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With a cranberry flapjack treat and coffee in hand we set off for Kliptown for the second session of the Early Childhood Development Introductory Workshops. In the air this time was apprehension, would all the inductees return to continue with the workshop? The apprehension was a little prolonged for the 1st session as the ladies arrived a little later than agreed but never the less, all that had attended the 1st week completed the 2nd with one addition. “George” who we had met the previous week, “Bob’s” right hand man came for the 1st session and spoke to the women, lending his support to the project and stayed for some of the workshop. Monja opened by asking if anyone had put into practise, what they had learnt from the 1st session, all said they had in varying ways. “Angela” whose child had digestion/constipation issues the previous week said that she noticed an improvement even from last Saturday. “Oratile” who was brought this time by her mother was finding it easier to digest solid food during the week.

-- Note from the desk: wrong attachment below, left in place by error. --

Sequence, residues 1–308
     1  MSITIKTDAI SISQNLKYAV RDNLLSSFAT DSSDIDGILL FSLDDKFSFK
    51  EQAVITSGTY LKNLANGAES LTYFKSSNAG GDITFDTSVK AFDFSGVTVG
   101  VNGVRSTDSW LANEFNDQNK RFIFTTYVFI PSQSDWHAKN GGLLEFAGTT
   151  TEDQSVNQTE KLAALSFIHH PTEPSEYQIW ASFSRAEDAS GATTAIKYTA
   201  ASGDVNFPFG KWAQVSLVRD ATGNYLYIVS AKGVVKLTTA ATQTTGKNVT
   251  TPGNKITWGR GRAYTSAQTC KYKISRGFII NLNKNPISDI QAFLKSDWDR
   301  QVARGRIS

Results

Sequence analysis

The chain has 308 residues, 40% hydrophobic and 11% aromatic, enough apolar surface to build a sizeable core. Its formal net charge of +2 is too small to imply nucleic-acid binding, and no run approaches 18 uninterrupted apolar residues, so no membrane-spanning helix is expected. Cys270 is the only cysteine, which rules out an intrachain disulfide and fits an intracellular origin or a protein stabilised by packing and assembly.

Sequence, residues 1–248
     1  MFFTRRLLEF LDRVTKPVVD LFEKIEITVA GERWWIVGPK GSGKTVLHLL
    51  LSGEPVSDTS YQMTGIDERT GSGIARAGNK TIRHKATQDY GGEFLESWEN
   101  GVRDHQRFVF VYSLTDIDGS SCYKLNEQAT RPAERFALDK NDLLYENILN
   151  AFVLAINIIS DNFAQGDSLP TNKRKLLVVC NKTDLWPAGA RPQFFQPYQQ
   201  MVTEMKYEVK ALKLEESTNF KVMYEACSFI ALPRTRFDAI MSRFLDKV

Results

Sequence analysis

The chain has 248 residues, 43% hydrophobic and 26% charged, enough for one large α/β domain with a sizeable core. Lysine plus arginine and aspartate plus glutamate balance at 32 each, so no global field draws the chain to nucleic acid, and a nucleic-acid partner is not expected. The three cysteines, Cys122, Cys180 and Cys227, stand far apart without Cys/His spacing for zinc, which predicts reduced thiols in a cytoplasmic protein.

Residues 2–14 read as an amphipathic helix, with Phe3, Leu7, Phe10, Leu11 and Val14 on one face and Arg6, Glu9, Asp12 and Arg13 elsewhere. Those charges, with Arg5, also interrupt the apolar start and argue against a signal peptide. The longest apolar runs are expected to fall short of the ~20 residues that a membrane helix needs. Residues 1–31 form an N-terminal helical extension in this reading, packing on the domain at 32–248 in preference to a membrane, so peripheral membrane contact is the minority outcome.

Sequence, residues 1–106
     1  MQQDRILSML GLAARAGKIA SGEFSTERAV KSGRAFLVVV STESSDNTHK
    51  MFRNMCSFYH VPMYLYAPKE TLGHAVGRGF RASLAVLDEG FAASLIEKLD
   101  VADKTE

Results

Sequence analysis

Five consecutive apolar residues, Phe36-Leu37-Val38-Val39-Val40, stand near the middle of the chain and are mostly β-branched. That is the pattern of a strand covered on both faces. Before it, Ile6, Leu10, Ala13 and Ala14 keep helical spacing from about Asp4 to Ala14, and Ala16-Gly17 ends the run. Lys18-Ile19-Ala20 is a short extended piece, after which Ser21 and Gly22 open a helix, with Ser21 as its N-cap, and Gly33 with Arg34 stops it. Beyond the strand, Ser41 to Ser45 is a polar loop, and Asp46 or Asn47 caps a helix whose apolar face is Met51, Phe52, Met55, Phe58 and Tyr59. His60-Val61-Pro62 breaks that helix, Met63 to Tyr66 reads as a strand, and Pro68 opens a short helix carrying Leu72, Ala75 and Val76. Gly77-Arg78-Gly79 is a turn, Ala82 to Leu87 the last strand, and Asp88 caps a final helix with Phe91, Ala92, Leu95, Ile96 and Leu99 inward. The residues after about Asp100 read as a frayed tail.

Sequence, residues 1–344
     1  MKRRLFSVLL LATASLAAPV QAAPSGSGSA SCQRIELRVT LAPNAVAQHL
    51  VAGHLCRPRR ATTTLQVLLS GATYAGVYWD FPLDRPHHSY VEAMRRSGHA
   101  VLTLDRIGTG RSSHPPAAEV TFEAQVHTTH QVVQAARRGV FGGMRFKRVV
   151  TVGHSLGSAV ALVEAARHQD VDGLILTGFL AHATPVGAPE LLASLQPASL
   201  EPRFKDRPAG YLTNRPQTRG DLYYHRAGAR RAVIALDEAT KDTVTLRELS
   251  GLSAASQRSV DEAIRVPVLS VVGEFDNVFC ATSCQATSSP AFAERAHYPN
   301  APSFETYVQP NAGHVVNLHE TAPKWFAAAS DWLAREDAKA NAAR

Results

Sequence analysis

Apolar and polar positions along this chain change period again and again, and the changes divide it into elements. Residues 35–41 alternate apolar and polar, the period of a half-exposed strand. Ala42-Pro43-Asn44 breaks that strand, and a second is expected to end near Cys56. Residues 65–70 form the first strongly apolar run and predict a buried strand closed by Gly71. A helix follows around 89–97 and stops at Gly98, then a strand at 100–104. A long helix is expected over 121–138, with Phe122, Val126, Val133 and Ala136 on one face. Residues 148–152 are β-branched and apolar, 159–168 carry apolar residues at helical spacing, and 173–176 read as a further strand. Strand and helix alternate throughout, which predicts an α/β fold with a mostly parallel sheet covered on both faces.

The opening theme in both sessions was experiencing Isolation. In turn two mothers were paired together, facing each other with their babies with one woman separated (back turned) on her own cradling her infant, in Isolation. For a minute at a time the coupled ladies had to make the other and their babies laugh in some way...by laughing themselves, pulling a funny face or telling a story. This was done until all had made each other laugh and also had the experience of having their back turned, Monja then asked how it felt to have someone make you laugh. “fun, it sets you free” “amazing” “exciting” “happy” ...were typical responses. Monja then asked how it felt to be in Isolation. “lonely” “uncomfortable” “sad” “felt excluded, wish I could join in” ...were typical responses. “now you can understand what your babies are going through” explains Monja “they feel what we feel when they are excluded”. She goes on by saying “if your child is left isolated, he/she starts to shut down, they need to be included” “did you also notice when you were laughing at each other, the children were also laughing” Monja now points out “it gives them a sense of connection” All agreed that this something important and they must work on this. “As a group everyone got to experience the power of laughter and what it feels like to have fun with their babies” concluded Monja Monja then asked the 1st group, who’s babies are mostly under 7 months what interaction did the mothers have with their children before they came for the session last week “playing on the floor” “sing to my baby” “throw in the air, from the knee” ...were typical responses. She encouraged them to “always look at your baby when interacting, this helps to form the connection” and “when they are sleeping gently sing and touch them to improve the connection” To demonstrate this one of the mothers sat next to Monja and allowed her to gently touch as squeeze her arm. When asked how did it feel “at peace with myself” was the reply, “because we were forming a connection” emphasizes Monja One of the ladies had written out a song to sing “thula thu...thula mywana thula sana...thula amama uzobuya tkuseni” The babies were laid out on a blanket and the mothers sang whilst looking, touching and squeezing. One of the infants started to roll over and his hand got stuck under his belly, the mother wanted to help to take his arm out. Monja stopped her, “don’t interfere, give the baby a chance to take out his own arm, if the arm stays stuck you can move the pelvis away from the floor a bit and this will give the baby a chance to move his own arm. When Monja did this to Austin he took out his own arm. Monja commented, if we keep interfering the baby will not learn” she goes on to say “don’t get too attached and do everything for them” there is a happy balance “know how and when to interact” This week’s “take away” ·encourage laughter with your child ·do not interfere if they need to learn “The development of the baby is affected by the care and experiences parents provide for the children. Learning takes place through curiosity and exploration, if parents interfere too much, they take away the opportunity for the child to learn” reflected Monja.